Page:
Last modified on 29 August 2014, at 19:13

clutch

EnglishEdit

PronunciationEdit

Etymology 1Edit

From Middle English clucchen, clicchen, cluchen, clechen, cleken, from Old English clyccan (to clutch, clench), from Proto-Germanic *klukjaną, from Proto-Germanic *klu- (to ball up, conglomerate, amass), from Proto-Indo-European *glew- (to ball up; lump, mass). Cognate with Swedish klyka (clamp, fork, branch). The noun is from Middle English cleche, cloche, cloke ("claw, talon, hand"; compare Scots cleuk, cluke, cluik (claw, talon)), of uncertain origin, with the form probably assimilated to the verb.

Alternative etymology derives Old English clyccan from Proto-Germanic *klēk- (claw, hand), from Proto-Indo-European *glēk-, *ǵlēḱ- (claw, hand; to clutch, snatch). If so, then cognate with Irish glac (hand).

Alternative formsEdit

VerbEdit

clutch (third-person singular simple present clutches, present participle clutching, simple past and past participle clutched)

  1. To seize, as though with claws. [from 14th c.]
    to clutch power
    • Collier
      A man may set the poles together in his head, and clutch the whole globe at one intellectual grasp.
    • Shakespeare
      Is this a dagger which I see before me [] ? / Come, let me clutch thee.
  2. To grip or grasp tightly. [from 17th c.]
    She clutched her purse tightly and walked nervously into the building.
    • Shakespeare
      Not that I have the power to clutch my hand.
TranslationsEdit

NounEdit

clutch (plural clutches)

A vintage clutch with a fold-over closure, made of red snakeskin.
  1. The claw of a predatory animal or bird. [from 13th c.]
  2. (by extension) A grip, especially one seen as rapacious or evil. [from 16th c.]
    • Cowper
      the clutch of poverty
    • Carlyle
      an expiring clutch at popularity
    • Bishop Stillingfleet
      I must have [] little care of myself, if I ever more come near the clutches of such a giant.
    • 1919, W. Somerset Maugham, The Moon and Sixpence, chapter 57
      You scold yourself; you know it is only your nerves—and yet, and yet... In a little while it is impossible to resist the terror that seizes you, and you are helpless in the clutch of an unseen horror.
  3. A device to interrupt power transmission, commonly used between engine and gearbox in a car. [from 19th c.]
  4. The pedal in a car that disengages power transmission.
  5. Any device for gripping an object, as at the end of a chain or tackle.
  6. A small handbag or purse with no straps or handle.
    • 1898, J. Meade Falkner, Moonfleet Chapter 4
      The clutch which I had made to save myself in falling had torn away this chin-band and let the lower jaw drop on the breast; but little else was disturbed, and there was Colonel John Mohune resting as he had been laid out a century ago.
  7. (US) An important or critical situation.
    • 1951 October 8, LIFE, page 48:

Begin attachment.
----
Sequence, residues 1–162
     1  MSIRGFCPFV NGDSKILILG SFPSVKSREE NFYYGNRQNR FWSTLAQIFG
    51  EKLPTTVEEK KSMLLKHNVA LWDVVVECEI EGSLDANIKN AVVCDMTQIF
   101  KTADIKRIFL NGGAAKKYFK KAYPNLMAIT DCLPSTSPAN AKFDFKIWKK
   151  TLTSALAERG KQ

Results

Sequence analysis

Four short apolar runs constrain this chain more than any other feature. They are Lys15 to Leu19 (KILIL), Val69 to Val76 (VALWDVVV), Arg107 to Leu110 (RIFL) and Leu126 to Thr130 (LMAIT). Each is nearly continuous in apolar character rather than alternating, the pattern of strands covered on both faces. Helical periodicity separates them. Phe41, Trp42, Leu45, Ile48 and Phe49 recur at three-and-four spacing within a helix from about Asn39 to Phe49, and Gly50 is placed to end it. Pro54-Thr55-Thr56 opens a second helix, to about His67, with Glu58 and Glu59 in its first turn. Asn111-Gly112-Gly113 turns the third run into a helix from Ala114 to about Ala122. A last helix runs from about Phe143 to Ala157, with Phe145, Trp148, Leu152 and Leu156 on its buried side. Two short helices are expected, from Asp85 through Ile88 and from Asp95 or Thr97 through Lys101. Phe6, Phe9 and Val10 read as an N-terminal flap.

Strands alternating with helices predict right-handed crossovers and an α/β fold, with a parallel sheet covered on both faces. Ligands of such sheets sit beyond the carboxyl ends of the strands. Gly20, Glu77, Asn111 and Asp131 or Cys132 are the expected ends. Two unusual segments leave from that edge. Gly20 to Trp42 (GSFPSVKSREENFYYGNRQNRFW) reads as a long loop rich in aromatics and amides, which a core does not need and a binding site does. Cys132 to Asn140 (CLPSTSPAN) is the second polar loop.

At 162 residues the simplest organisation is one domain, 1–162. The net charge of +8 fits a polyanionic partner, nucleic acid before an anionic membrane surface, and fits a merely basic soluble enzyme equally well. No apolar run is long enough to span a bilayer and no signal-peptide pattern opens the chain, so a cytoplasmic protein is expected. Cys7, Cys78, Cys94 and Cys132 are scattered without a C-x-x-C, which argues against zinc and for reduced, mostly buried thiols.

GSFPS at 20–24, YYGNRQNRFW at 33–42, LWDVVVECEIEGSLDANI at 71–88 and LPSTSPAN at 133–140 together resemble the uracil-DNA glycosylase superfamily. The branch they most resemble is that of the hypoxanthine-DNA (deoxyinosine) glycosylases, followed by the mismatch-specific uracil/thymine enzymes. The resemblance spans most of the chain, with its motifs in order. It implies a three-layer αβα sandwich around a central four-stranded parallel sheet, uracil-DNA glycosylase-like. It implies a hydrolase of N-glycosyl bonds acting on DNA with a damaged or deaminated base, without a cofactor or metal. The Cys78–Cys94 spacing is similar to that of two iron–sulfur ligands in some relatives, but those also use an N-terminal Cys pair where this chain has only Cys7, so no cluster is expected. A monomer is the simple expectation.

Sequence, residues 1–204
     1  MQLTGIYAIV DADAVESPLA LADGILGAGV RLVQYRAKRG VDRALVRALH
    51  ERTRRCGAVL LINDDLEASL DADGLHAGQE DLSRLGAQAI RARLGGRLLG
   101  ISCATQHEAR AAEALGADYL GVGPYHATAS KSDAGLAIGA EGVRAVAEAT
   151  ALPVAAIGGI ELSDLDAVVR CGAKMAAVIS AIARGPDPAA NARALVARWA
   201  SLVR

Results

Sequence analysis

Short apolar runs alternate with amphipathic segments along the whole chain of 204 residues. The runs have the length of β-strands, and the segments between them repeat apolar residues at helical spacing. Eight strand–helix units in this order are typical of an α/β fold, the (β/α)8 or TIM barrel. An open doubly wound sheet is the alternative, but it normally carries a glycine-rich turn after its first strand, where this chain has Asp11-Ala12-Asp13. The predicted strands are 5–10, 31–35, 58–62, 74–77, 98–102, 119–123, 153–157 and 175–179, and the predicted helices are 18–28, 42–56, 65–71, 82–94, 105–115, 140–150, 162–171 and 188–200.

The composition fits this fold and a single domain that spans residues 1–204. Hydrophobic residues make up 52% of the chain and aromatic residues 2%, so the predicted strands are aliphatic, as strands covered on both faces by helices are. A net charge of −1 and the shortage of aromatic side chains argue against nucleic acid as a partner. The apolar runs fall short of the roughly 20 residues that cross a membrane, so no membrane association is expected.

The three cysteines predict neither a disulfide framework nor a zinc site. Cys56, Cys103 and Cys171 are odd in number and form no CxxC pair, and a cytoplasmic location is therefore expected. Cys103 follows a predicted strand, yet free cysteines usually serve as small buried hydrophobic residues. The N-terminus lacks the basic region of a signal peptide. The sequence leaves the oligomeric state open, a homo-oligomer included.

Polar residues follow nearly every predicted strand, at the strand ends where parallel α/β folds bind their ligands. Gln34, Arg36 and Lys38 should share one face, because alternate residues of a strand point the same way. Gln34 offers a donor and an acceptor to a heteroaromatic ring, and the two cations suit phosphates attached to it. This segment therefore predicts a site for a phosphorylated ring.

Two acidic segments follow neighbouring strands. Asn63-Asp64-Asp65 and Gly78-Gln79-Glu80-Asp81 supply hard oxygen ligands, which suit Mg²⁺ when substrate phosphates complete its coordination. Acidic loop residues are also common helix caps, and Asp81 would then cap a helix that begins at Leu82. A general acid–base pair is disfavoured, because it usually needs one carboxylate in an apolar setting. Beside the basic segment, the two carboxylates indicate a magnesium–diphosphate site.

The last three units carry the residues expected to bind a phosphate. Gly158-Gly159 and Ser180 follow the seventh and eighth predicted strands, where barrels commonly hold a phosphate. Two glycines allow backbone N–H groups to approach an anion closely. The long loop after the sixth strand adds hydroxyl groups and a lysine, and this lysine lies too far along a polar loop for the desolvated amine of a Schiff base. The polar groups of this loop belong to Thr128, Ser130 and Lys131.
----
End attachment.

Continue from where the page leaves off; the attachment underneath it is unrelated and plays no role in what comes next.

And when it came to the clutch, Johnny Mize, who was washed up five years ago, would crack out a pinch double, or Mickey Mantle, who is not yet ready for the big leagues, would slam out a home run
    • 2004, Jonathan Beaty, S. C. Gwynne, The Outlaw Bank: A Wild Ride Into the Secret Heart of BCCI, page x:
      Adam Zagorin, Time's Brussels bureau chief, came through in the clutch several times with information and interviews we could not have gotten on our own.
    • 2009, Michael Baron, When You Went Away, page 303:
      I knew right at that moment (though I certainly believed it before) that you were the kind of person who others could count on, a great foul-weather friend, someone who came through in the clutch.
    • 2010 January 23, Pat Disabato, “Hillcrest kicks its late hiccups; Lead erodes until Tillman^s key 3; Waukegan, Richards, Julian win”, The Chicago Sun-Times, page 40:
      "I knew I had to take over," Loyd said. "When it comes to the clutch, I don't mean to be selfish, but I'm going to take it.
    • 2010, Paul Sullivan, Clutch: Why Some People Excel Under Pressure and Others Don't:
      But that does not mean he will be clutch. Being great under pressure is hard work. This is part of the reason why we are so impressed by people who seem immune to choking. These people come through in the clutch when others don't.
SynonymsEdit
TranslationsEdit

AdjectiveEdit

clutch (comparative more clutch, superlative most clutch)

  1. (US) Performing or tending to perform well in difficult, high-pressure situations.
    • 2006, Bryan Hogan, Three Days for Goodbye, page 19:
      NC State made the most of their overtime possession scoring a touchdown on some very clutch plays.
    • 2009, Scott Trocchia, The 2006 Yankees: The Frustration of a Nation, A Fan's Perspective, page 21:
      I start with his most obvious characteristic: he was clutch. He is Mr. Clutch. In the last chapter I mentioned that Bernie Williams was clutch, which was a valid assessment, but nobody on the Yankees was as clutch as Jeter was.
    • 2009, Mark Stewart, Clutch Performers, page 34:
      It doesn't get more clutch than that!

Etymology 2Edit

Variant form of cletch, from Middle English cleken (to hatch), perhaps from Old Norse klekja (to hatch).

NounEdit

clutch (plural clutches)

  1. A brood of chickens or a sitting of eggs. [from 18th c.]
  2. A group or bunch (of people or things). [from 20th c.]
    • 2012, The Economist, 22nd Sep., Innovation in Government: Britain's Local Labs
      No longer would Britons routinely blame the national government when things went wrong. Instead they would demand action from a new clutch of elected mayors, police commissioners and the like.
TranslationsEdit

NorwegianEdit

Alternative formsEdit

EtymologyEdit

From English clutch.

NounEdit

clutch m

  1. clutch (device between engine and gearbox)

InflectionEdit

SynonymsEdit

ReferencesEdit

  • “clutch” in The Bokmål Dictionary / The Nynorsk Dictionary.

SpanishEdit

NounEdit

clutch m (plural clutches)

  1. Alternative form of cloche.